Person of the Week: Mark Zuckerberg

Technology

Person of the Week: Mark Zuckerberg

Illustration: Akshita Monga

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oor Mark Zuckerberg. All he probably wanted as a young college kid was to become famous for making friendships more shallow than they were, and stalking a much easier thing to do. After all these years, he’s ended up achieving one of his dreams – becoming the most important person in the world not to wear a collared shirt – but for some terrible reasons.

Last month, it emerged that Facebook had by proxy ended up influencing one of the biggest elections in the world. Wondrous, especially when you consider it’s not intuitive enough to stop making those awkward videos celebrating my friendship with a tuition teacher from ten years ago. It all started with a revelation that a company named Cambridge Analytica, which worked on the Donald Trump campaign, had harvested close to 50 million Facebook profiles in order to carry out some good ol’ targeted propaganda.

The admission was made by two Cambridge Analytica executives themselves, when they were caught playing “Black Mirror-Black Mirror” in a sting operation on Channel 4 news in the UK. The guerrilla newscast – which is hill-arious, btw – featured the two cocksure execs delivering a number of tips on recognising modern psychological warfare. There’s an Orwellian reminder that there’s actually no good “fighting an election campaign on facts”, the insightful advice that Ukrainian women are more likely to ensnare Sri Lankan politicians than any other nationality, and an eye-opener that presidential candidates are basically puppets of whoever is running their campaign at the time.

The Cambridge Analytica guys, Alexander Nix and Mark Turnbull, apparently disguised their grand plan to influence elections through an innocuous personality quiz on Facebook. With the information they gained through all the validation-seekers and bored teenagers who took the quiz, they accessed millions of profiles. This data was used to create what they call an “air war”, which was basically a bunch of “Crooked Hillary” videos that were created by a third party, leading to the election of Donald Trump to the White House.

And this is where our Person of the Week, Mr Mark Zuckerberg comes in.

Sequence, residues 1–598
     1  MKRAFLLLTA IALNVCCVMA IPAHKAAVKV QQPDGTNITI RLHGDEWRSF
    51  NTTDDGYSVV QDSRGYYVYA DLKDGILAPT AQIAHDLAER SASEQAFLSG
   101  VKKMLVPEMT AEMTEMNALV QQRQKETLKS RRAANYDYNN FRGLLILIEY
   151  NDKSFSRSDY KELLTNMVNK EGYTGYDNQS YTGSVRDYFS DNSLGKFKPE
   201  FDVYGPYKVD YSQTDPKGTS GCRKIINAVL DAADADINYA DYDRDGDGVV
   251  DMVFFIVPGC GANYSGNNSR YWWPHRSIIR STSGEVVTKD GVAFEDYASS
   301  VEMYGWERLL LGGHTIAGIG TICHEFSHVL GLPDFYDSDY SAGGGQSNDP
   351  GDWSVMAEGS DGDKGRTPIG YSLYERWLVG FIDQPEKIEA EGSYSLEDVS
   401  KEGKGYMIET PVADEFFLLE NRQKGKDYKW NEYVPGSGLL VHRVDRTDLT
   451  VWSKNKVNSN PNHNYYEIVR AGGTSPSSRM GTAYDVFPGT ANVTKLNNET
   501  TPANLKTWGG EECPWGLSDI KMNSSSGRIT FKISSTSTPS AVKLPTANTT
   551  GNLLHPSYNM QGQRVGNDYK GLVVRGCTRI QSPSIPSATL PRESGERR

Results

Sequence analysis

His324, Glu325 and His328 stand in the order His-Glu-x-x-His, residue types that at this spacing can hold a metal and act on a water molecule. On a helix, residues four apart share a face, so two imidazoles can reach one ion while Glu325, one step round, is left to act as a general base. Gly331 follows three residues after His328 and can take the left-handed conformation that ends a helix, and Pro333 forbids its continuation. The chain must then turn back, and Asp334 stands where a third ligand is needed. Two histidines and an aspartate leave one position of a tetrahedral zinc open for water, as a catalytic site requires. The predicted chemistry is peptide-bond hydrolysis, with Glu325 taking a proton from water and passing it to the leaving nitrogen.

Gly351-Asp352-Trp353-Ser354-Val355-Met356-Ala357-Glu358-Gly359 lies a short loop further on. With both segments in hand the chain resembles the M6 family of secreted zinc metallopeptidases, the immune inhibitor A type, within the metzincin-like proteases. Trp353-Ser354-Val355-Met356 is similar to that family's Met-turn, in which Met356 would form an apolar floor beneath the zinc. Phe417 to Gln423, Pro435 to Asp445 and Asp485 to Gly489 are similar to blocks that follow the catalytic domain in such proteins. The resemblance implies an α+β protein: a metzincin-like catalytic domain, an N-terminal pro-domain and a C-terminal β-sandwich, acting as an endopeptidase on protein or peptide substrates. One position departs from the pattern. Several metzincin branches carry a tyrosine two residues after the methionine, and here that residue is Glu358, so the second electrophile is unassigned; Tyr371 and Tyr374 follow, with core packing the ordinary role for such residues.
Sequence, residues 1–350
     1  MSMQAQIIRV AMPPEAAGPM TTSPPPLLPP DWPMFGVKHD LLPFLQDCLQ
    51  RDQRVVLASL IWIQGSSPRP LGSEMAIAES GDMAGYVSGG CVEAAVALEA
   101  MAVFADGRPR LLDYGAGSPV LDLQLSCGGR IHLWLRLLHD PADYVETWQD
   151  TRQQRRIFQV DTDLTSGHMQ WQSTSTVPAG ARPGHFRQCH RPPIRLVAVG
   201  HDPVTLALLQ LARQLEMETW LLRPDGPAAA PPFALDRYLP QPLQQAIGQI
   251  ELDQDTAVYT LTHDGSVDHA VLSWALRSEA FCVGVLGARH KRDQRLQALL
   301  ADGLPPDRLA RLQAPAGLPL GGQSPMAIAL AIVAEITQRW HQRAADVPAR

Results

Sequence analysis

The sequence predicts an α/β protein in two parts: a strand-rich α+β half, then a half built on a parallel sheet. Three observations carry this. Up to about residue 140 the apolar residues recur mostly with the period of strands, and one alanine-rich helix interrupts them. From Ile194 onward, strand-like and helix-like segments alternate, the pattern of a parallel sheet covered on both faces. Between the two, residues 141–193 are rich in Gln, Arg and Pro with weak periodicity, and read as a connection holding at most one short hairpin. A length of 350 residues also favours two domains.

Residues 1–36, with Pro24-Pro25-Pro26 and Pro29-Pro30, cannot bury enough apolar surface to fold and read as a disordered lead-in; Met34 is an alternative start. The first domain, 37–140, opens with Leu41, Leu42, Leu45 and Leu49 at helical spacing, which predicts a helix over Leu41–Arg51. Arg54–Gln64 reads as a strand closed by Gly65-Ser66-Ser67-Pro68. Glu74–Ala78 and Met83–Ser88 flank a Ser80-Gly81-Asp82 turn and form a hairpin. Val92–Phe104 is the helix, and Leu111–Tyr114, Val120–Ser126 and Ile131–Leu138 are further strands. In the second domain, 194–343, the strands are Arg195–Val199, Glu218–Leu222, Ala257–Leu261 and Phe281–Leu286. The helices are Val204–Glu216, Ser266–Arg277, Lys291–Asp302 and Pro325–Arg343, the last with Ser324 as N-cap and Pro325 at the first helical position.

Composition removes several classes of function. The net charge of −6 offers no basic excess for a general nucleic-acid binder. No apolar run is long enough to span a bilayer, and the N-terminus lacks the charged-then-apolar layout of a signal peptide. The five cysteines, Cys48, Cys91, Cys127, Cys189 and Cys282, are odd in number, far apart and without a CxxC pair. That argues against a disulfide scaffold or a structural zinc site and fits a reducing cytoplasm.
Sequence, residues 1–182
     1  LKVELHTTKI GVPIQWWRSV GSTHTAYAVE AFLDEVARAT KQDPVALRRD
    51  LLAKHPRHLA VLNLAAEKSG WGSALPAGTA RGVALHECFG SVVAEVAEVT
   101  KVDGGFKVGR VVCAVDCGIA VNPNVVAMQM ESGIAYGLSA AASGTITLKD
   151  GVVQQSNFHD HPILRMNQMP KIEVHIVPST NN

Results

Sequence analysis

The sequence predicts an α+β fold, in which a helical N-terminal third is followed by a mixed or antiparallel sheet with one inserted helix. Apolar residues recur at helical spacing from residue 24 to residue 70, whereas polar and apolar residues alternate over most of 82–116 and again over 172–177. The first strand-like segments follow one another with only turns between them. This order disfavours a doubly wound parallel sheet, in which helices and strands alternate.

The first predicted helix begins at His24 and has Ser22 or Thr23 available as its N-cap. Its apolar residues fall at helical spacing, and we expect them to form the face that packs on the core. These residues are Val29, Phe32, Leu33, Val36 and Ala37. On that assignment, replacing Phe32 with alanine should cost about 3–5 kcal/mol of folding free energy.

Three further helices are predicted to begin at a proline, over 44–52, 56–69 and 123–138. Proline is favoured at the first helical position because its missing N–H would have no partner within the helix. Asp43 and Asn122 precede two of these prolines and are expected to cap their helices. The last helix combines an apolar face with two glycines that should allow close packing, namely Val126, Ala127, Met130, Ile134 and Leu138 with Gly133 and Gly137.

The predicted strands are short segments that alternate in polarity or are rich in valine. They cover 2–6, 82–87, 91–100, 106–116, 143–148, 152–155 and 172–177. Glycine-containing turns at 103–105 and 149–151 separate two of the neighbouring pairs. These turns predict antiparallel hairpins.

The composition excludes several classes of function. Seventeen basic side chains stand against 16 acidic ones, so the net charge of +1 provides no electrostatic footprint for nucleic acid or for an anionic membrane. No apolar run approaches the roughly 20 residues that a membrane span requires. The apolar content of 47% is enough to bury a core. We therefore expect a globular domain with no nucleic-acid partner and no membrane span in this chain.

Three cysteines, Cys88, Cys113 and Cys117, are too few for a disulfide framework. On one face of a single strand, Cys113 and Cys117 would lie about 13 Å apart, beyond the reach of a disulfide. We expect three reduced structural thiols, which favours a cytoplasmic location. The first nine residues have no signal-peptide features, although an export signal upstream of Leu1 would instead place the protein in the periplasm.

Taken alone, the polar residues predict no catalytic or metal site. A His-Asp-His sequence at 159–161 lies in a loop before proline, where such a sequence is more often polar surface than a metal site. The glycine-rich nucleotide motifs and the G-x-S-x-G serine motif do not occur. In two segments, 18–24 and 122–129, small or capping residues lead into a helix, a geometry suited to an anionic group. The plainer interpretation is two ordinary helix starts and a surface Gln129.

A majority of the fallout of the Cambridge Analytica revelation landed on 33-year-old Zuckie’s shoulders. All across the States #DeleteFacebook trended, prompting even Brian Acton, the former WhatsApp CEO, who sold his company to Facebook, to jump on the bandwagon. Even America’s chief propagandist Steve Bannon, who helped create Cambridge Analytica, and ran the right-wing Breitbart news site, was happy to pass the buck to Zuck.

When the morose Zuckerberg finally made an appearance, all he could do was apologise. “I started this when I was so young and inexperienced,” he said, going for the aww-factor even as his company deals with a falling stock and accusations that it’s constantly peddling fake news and trying to kill the internet. (Also replacing the poke button with a wave button instead of no button was a rubbish idea, just thought I should air my grievance while we are at it.)

As the two suits of Cambridge Analytica hide in the shadows with their bags of money and a jazz quartet playing in the background, Zuckerberg appeared today in front of the US Senate where he had to face really tough questions like: “How many data categories do you store, does Facebook store, on the categories that you collect?” Not to be left behind, our Information Technology minister Ravi Shankar Prasad has also taken time out from physically guarding the wall that’s been built around the Aadhaar database to warn Zuckerberg about India’s “robust mechanisms” to deal with data breaches of this nature. He also declared that he would not accept anyone interfering in our country’s election, and that his warnings will be heard across the Atlantic far away in California. Intense.

So naturally hours later, the BJP got busy arguing with the Congress like school children, about who had a bigger crush on Cambridge Analytica. Both ignored, of course, that both party logos are featured on the website of the India partner of Cambridge Analytica, the Ghaziabad-based Ovleno Business Intelligence. Classic good governance for you, mitron.

In the midst of this mess, Mark Zuckerberg is going to have a hard time pushing his Free Basics agenda, or becoming the home of “Bobs and Vagene”. Maybe he should spend less time collecting information from his users and stick to his own advice – play Farmville all day.

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